Bike Forums

Bike Forums (https://www.bikeforums.net/forum.php)
-   Bicycle Mechanics (https://www.bikeforums.net/bicycle-mechanics/)
-   -   Proper way to restore vintage bike on budget with limited skills? (https://www.bikeforums.net/bicycle-mechanics/1072356-proper-way-restore-vintage-bike-budget-limited-skills.html)

WolfRider 07-13-16 08:28 PM

Proper way to restore vintage bike on budget with limited skills?
 
Newbie here, but I appreciate all the archieved info available on the site.

I grew up cycling and was a decent rider and I know vintage bikes pretty well. I was never much of mechanic though. I have just started getting back into cycling after a long time off. Finally got in riding shape on a crapola commuter. I wasn't even trying that hard but I just picked up a couple nice vintage Road bikes somehow. I know what I like, I am vintage steel guy 80's 90's Road or Mountain. (I'm lost with all the newer bikes Carbon fiber ,aluminum and most mfg seems to be in China and parts plastic) I plan on getting a few more bikes. So what I have is a Rossin Record and a Raliegh Competition GS. Both are clean and original and have been garage queens for awhile.

So the local bike shop guy is good but a little pricy for me. I am just having him repack BB bearings and hubs and maybe put some new brake rubber on.

What is the best course of action from that point? I want to take all the parts off and clean them and detail the frame forks. and put everything back together. I would like to do a little work myself to learn, but I don't have tools and I don't want to mess anything up on these two. I probably need a practice bike to hack around on myself. It would be great if I could find a guy to help me and I could learn a little in the process. Or I could just pay to get it done right. Any suggestions? What can I get away with doing myself? ( I am coordinated with tools, just need direction and some practice)

JohnDThompson 07-13-16 08:36 PM

There's no indication of where you are located. Perhaps there is a bike co-op nearby that could help?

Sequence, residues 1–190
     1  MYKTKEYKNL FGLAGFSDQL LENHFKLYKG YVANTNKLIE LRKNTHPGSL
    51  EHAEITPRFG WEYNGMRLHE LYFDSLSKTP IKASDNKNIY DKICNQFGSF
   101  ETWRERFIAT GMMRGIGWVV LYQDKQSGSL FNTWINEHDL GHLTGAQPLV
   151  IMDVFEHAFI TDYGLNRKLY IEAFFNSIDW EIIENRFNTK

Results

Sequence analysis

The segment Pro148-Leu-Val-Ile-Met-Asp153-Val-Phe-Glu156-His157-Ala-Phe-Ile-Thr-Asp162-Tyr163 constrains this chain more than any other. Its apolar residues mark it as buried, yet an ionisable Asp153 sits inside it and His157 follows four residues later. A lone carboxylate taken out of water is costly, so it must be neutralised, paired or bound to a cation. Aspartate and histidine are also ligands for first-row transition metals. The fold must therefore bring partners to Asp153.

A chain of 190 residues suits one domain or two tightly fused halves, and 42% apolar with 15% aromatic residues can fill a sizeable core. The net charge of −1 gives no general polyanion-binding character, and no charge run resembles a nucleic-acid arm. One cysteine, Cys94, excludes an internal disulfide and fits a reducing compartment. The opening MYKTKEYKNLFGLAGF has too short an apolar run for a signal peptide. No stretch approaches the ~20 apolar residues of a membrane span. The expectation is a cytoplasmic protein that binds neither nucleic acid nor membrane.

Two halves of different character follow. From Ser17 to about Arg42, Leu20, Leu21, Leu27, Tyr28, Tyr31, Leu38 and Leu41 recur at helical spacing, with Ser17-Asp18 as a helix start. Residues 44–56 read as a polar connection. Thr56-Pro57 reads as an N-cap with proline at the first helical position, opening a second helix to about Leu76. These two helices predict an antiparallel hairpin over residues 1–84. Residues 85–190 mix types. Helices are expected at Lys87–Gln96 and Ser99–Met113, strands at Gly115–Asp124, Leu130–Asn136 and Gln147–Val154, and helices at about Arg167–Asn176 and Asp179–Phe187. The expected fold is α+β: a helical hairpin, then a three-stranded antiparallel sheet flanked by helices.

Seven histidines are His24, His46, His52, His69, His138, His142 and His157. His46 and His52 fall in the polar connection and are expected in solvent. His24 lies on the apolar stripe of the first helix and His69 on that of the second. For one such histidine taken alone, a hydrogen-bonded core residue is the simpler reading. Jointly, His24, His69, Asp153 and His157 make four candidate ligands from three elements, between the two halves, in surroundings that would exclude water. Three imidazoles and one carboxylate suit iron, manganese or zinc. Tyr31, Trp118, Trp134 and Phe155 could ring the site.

WolfRider 07-13-16 09:47 PM

I'm in Northern Ca, Sac , Davis I think there are some Coop bike places around here. I just want to do these bikes right. So maybe I will check out some of those spots. Bike mehcanic skill level and knowledge of vintage bikes can vary with some of these volunteer outfits.

markjenn 07-13-16 10:30 PM

If you're reasonably handy with mechanical things, there is no reason you can't self-teach yourself to a pretty high level of bike mechanics - bikes are very approachable and most things are out in the open and non-mysterious. Get a good basic book (like the Park), slowly buy the tools as you need them, and tackle things slowly and one at a time. If you have questions or get into trouble, shoot some pictures and ask questions here. And it's a good idea to get to know someone at a LBS - seek out one that seems receptive to DIY's coming in for parts, tools, and advice. (If everything starts out with "make an appointment", then you want to go somewhere else.)

I wouldn't recommend you tear your bikes down all the way at once. Tackle one thing (e.g., wheel truing, hub overhaul, stem adjustment, chain replacement, deraiileur overhaul, etc.) at a time and you won't get overwhelmed or forget how you took something apart. Later when you are more experienced you can try the complete restoration in one fell swoop deal.

Classics are in many ways simpler to work on, but they require a little different approach as you may need to improvise or experiment a little more. And you have to scrounge for used parts more, which is often good because new bikes have ridiculous prices for most parts. They're great for learning. I can't see that the bikes you have are so valuable that they wouldn't be great for cutting your teeth.

- Mark

Andy_K 07-14-16 12:36 AM


Originally Posted by WolfRider (Post 18910674)
I probably need a practice bike to hack around on myself.

This is a pretty good idea. Look for something with comparable types of parts (i.e. same types of brakes, shifters and bottom bracket but not necessarily the same brand or model) as what you have. You can probably find something for around $100 that needs some work and sell it for at least that when you're done learning. You probably won't destroy anything, but having a bike you don't care so much about will take the pressure off.

dedhed 07-14-16 08:22 PM

MY "TEN SPEEDS - Home Page

corrado33 07-15-16 09:13 AM